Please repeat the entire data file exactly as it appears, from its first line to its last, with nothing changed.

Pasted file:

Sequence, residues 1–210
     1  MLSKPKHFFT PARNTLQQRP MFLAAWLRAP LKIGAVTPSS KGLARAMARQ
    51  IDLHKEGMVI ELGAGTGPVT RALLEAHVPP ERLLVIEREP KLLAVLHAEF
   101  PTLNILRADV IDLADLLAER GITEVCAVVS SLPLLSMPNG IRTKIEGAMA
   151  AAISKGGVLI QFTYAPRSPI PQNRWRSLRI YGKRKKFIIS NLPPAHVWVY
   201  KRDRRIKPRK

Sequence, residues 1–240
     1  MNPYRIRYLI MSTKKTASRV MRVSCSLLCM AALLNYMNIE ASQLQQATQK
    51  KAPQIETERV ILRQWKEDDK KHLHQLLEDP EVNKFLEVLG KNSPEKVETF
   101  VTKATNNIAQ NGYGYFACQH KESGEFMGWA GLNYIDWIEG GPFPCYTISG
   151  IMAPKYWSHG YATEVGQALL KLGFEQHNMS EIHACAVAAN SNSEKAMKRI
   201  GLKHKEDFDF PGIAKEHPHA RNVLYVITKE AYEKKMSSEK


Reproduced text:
Sequence, residues 1–210
     1  MLSKPKHFFT PARNTLQQRP MFLAAWLRAP LKIGAVTPSS KGLARAMARQ
    51  IDLHKEGMVI ELGAGTGPVT RALLEAHVPP ERLLVIEREP KLLAVLHAEF
   101  PTLNILRADV IDLADLLAER GITEVCAVVS SLPLLSMPNG IRTKIEGAMA
   151  AAISKGGVLI QFTYAPRSPI PQNRWRSLRI YGKRKKFIIS NLPPAHVWVY
   201  KRDRRIKPRK

Sequence, residues 1–240
     1  MNPYRIRYLI MSTKKTASRV MRVSCSLLCM AALLNYMNIE ASQLQQATQK
    51  KAPQIETERV ILRQWKEDDK KHLHQLLEDP EVNKFLEVLG KNSPEKVETF
   101  VTKATNNIAQ NGYGYFACQH KESGEFMGWA GLNYIDWIEG GPFPCYTISG
   151  IMAPKYWSHG YATEVGQALL KLGFEQHNMS EIHACAVAAN SNSEKAMKRI
   201  GLKHKEDFDF PGIAKEHPHA RNVLYVITKE AYEKKMSSEK